CF: Yeah, that is an interesting poem to me. It came to me in a way that I didn’t understand. And I was just trying to follow it on its path. It very much enacts my morning writing experience. The moment where the speaker says, “Oh, my God, it is based on a true story” was actually what happened when I was working on the poem. I Googled, and that realization is something that obviously shifts the momentum in the poem—you can’t go back, now you know. I remember finishing the poem and showing it to my husband and being like, I don’t know what this is, will you read it?, and him being like, This is something new. What are you doing in this poem? I think he actually started crying. I wish I could say, I was working within a certain meter or something like that, but it very much came to me. It felt like an actual gift that was given to me. There’s an image near the end of the poem, of my following my son to the threshold of the men’s room. When you’re the mother of a boy, there comes a point where your son is just too big to go into the women’s bathroom with you, it makes people uncomfortable. And then you have to send him into this place you have no control over. You don’t even have any control over whether or not he’s washing his hands! And so it’s this feeling of waiting and watching every face that comes out of the room. Where’s my son, you know? What if…? That metaphor, the edge of the men’s room, where you have to let your son go and experience manhood behind this closed door that you cannot control—that came to me and I was like, Oh, damn. Yes.

Those are the kind of moments where writing practice pays off. A lot of times, it really is fruitless—the time passes, and I have not done anything. Sometimes I’ve even squandered my time looking at the news or something like that. But making that time for writing is what allows for moments like this to come. It’s about attention. It’s like that video of the people playing basketball, where a gorilla runs by, and no one notices it, right? You see it a second time, and you realize a gorilla ran through it, and I didn’t notice it. That’s my life right there. 

RR:  Maybe that’s a good description of the motherhood poem too. One of the things that I think the experience of parenthood teaches us is that you don’t know where your metaphors are going to be—you don’t know what the thing is that you need to be looking at. And often, it’s what appears on the surface to have no potential. I just have to archive all the things that are happening; I write down even the most mundane things that are happening in my day. I look back at them later, and somehow, taken into new context, they glow. They become a thing that can make meaning.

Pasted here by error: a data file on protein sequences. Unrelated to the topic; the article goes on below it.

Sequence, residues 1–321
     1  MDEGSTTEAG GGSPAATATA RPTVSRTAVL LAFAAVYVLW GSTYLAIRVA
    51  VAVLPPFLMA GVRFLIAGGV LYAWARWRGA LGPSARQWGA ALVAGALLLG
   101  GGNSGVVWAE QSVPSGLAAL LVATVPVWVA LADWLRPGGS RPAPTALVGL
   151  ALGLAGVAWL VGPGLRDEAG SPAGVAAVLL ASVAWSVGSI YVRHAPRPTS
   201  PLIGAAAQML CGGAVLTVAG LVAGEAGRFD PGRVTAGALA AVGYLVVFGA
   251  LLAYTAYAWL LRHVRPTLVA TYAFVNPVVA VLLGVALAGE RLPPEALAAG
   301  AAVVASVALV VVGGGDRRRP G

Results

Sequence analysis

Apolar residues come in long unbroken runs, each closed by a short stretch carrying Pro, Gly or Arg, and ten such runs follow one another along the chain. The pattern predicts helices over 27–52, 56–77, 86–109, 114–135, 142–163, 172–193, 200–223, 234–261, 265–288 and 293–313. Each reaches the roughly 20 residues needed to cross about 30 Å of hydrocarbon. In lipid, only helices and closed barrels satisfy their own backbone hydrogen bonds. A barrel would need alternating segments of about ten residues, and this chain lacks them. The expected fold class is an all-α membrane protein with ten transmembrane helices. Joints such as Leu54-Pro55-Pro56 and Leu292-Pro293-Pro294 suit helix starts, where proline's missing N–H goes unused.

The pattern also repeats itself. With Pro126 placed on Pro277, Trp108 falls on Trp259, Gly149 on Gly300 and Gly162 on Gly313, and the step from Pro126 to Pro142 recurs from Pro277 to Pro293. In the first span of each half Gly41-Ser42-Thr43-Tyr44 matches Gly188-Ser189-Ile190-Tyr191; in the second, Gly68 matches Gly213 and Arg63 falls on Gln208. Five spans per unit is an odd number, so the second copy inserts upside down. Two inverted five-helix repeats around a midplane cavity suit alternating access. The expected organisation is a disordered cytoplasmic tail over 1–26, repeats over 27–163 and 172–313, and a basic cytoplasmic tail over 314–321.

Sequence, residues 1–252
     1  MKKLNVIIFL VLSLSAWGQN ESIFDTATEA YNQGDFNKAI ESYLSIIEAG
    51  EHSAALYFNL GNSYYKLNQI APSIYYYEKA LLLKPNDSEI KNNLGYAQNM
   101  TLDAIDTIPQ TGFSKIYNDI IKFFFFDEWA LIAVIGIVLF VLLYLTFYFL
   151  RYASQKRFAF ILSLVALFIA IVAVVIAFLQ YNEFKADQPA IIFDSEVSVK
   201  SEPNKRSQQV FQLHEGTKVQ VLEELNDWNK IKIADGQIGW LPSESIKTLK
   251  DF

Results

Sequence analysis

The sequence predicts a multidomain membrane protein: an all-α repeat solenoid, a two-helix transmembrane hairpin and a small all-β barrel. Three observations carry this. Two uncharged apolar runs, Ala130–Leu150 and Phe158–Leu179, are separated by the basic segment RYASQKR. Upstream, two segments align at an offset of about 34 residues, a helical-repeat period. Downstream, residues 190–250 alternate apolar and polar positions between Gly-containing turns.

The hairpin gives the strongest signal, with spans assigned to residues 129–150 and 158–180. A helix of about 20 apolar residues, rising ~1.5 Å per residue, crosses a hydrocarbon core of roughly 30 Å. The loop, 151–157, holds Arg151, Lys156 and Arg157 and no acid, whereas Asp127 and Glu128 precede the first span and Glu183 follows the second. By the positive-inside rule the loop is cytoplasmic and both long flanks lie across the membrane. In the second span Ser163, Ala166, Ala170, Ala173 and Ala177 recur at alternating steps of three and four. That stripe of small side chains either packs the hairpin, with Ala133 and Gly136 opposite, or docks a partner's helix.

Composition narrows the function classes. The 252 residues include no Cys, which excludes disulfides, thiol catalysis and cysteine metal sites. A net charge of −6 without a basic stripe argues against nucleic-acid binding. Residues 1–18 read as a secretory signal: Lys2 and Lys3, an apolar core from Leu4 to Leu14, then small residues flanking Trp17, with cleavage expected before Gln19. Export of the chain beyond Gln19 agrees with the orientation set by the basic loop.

CF: This is the only thing that I have to teach that I feel is of value: the idea that you should write down the seemingly meaningless things, you know, write about your over-achieving robot vacuum cleaner. Just write it down. And it’s very, very hard, especially for beginning writers who don’t have as much experience reading poetry. They just don’t get the value of that practice. It’s very hard to convince them. Like, you want me to write poems about the sponge, and the sink, and the coffee grounds in the bottom of the cup, but I want to write about Death. I want to write about God, and Love. Image does that. Metaphor does that. There’s that great Marie Howe poem in her last book, Magdalene. The last poem in that book says I will be gone, I’ll be “grit thrown into the garden/or into the sticky bodies of several worms.” At one point, she says, it will all be gone—this, that, “the woman in the blue suit by the door examining her split ends.” I haven’t read that poem in over a year, and I can still remember that image because it’s just the most human, specific thing. She’s a master at that. I wish I could transmit that more readily to young writers. 

RR: Do you have any other writing technique or device that you like to use?  

CF: When I sit down to do my own writing, I have above my computer, and I will always have above my computer, the writing advice that William Stafford gave, which is: lower your standards. That is everything. Lower your standards and begin. I see that every morning. And I sit and think, I’m not going to write anything. My brain is like, No, no, and then it’s like, Okay, let me just do it. Let me make it be over, you know, and then I go into writing that’s so low stakes that it doesn’t matter. And that’s where those things come from! That’s where taking your son to the edge of the threshold of the men’s room door—that’s where those things come to be. I’m always convincing students to do that, and the more laughter that comes after I say lower your standards, the more difficult I know it will be for them. But it really is basically all that helps me get started.




Rachel Richardson is the author of two books of poems, Copperhead and Hundred-Year Wave. Her poetry and essays appear in the New York Times Magazine, Academy of American Poets Poem-a-Day, APR, Copper Nickel, and elsewhere. A former Stegner and NEA Fellow, Rachel lives and teaches in Berkeley, CA, where she also serves as Poetry Advisor for the Bay Area Book Festival.